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HISTORY



OF



KNOX COUNTY



ILLINOIS;



TOGETHER WITH SKETCHES OP THE CITIES, VILLAGES AND TOWNSHIPS ; RECORD

OF ITS VOLUNTEERS IN THE LATE WAR; EDUCATIONAL, RELIGIOUS, CIVIL

AND POLITICAL HISTORY; PORTRAITS OF PROMINENT PERSONS

AND BIOGRAPHICAL SKETCHES OF THE SUBSCRIBERS ;

HISTORY OF ILLINOIS, ABSTRACTS OF THE

STATE LAWS, ETC., ETC., ETC.



ILLUSTRATED.



BY CHAS. G. CHAPMAN <fe CO.



CHICAGO :

BLAKELY, BROWN & MARSH, PRINTERS.

155 and 157 Dearborn Street.

1878.



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PREFACE.



Over a half century has rolled its years away since this section of Illinois
was first chosen for a home by the white man. The trials, sufferings and
struggles that were experienced in converting even this fertile land from its vir-
gin wildness into the luxuriant and densely populated country now existing can
never be fully portrayed. Although, as in many frontier settlements, the
ground was not consecrated by the blood of pioneers and their families, yet hu-
man tongue or pen can never accurately ^picture the vicissitudes and trials of
the advanced guard of civilization who pitched their tents in Knox county.
Their labors were as trying to their mind as to the body. Physical and mental
strength waste together, and the memory of names, dates and events becomes
lost by the confusion of accumulating years. Events that were fresh in mem-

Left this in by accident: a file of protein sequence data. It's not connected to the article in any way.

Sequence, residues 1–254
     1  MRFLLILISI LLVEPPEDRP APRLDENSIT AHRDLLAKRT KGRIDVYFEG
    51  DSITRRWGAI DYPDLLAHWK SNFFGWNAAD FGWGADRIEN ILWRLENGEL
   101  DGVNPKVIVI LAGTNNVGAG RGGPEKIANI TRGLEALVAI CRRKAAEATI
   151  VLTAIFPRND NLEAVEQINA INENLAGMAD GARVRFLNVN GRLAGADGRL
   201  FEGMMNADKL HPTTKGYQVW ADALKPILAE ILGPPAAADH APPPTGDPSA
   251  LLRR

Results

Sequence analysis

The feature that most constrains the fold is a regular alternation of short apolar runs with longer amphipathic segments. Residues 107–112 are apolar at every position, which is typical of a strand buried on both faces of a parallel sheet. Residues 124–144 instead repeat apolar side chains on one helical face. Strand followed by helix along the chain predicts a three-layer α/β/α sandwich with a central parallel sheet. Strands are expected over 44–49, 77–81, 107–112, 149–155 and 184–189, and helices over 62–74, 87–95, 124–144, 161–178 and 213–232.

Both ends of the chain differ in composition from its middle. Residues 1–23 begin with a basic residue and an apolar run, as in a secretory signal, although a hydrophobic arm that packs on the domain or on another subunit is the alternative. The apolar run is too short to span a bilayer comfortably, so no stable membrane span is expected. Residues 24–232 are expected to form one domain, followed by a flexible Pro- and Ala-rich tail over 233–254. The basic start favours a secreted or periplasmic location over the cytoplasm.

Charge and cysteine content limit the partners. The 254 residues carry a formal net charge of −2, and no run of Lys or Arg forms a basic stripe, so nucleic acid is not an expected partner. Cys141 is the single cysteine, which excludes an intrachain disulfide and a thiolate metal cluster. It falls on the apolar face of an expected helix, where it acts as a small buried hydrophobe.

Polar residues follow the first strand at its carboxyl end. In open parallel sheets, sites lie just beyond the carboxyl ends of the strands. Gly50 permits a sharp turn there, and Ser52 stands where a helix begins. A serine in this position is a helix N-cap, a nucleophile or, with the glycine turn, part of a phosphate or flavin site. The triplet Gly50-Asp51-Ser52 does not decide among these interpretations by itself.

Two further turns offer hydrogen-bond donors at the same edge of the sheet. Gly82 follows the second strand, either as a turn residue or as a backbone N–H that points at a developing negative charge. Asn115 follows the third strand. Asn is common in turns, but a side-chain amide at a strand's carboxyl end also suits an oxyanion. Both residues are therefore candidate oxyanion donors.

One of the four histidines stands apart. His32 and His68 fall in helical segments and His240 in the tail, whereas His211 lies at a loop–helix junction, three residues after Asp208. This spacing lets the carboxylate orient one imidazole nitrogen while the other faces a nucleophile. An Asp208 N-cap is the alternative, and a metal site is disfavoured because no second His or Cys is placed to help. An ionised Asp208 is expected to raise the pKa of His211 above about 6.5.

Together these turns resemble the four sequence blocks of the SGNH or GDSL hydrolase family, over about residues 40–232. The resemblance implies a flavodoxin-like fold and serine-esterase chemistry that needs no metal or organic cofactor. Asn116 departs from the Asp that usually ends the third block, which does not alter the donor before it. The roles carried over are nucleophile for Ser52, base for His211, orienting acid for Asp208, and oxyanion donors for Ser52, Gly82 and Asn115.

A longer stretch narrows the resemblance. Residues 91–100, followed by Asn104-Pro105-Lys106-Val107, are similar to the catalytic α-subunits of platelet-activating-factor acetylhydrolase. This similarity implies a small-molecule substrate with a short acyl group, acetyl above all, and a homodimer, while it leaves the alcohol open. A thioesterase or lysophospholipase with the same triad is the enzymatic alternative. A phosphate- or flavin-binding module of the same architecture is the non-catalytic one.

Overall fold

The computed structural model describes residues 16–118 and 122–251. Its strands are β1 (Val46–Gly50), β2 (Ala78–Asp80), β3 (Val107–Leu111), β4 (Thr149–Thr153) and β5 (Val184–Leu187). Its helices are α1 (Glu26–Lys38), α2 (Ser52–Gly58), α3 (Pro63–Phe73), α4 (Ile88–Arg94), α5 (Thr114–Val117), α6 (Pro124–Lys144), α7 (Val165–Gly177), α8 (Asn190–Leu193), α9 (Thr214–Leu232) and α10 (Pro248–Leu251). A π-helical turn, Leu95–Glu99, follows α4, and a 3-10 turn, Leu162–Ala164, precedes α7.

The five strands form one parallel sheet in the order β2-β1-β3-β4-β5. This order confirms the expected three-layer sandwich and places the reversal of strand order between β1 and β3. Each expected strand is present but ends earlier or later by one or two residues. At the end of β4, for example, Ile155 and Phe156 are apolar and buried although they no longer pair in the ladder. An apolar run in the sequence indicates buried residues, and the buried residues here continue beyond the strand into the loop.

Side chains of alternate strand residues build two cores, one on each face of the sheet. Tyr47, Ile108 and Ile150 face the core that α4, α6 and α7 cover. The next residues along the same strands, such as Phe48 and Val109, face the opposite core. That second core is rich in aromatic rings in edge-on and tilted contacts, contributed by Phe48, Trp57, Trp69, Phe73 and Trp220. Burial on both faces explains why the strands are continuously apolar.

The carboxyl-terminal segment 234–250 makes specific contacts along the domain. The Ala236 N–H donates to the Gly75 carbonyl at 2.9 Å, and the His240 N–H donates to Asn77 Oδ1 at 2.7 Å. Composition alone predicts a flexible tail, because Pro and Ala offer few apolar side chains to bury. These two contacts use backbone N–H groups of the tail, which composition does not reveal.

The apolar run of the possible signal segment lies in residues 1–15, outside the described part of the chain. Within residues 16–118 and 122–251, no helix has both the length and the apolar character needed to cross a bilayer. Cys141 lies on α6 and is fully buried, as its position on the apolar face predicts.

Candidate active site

ory ten to twenty years after their occurrence are almost if not entirely for-
gotten when fifty years have passed. If not entirely obliterated from mem-
ory's tablet, they have become so dim that when we call for information con-
cerning the past it is often given with many doub tings and much hesitancy ;
while others were positive and often as immovable as to their correctness as
Gibralter. For instance, one man insisted that the Black Hawk war was in
1830. Again, we were informed that Michael Fraker came to Lynn township
in 1828. The information came from reliable sources, yet from other facts we
had deemed the date incorrect and set about a careful investigation ; and after
weeks of patient labor found the date of his settlement to be 1830. We refer
to these to show how apt people are to let their memories betray them. The
best memories will differ in the particulars of past events, some seizing upon
one detail and some on another ; hence often arises honest difference. Many
may question the dates given in this work. Indeed it is more than likely some
are wrong, for it is not expected that it is so perfect as to be above criticism,
for the book is yet to be published that can justly claim perfection ; but it is
the Publishers' hope, as it is their belief, that it will be found measurably cor-
rect and generally accurate and reliable. Industrious and studied care has
been exercised to make it a standard book of reference as well as of interest
to the general reader. If in such a multiplicity of names, dates, etc., some
errors are not detected it will be strange indeed.

It may be claimed that many important events of early history are omitted,
or but casually mentioned. For this we can say we are not at fault. For weeks
and months we btgged for information. In the very incipiency of our labor no
pains were spared to interest the people of all parts of the county in the work.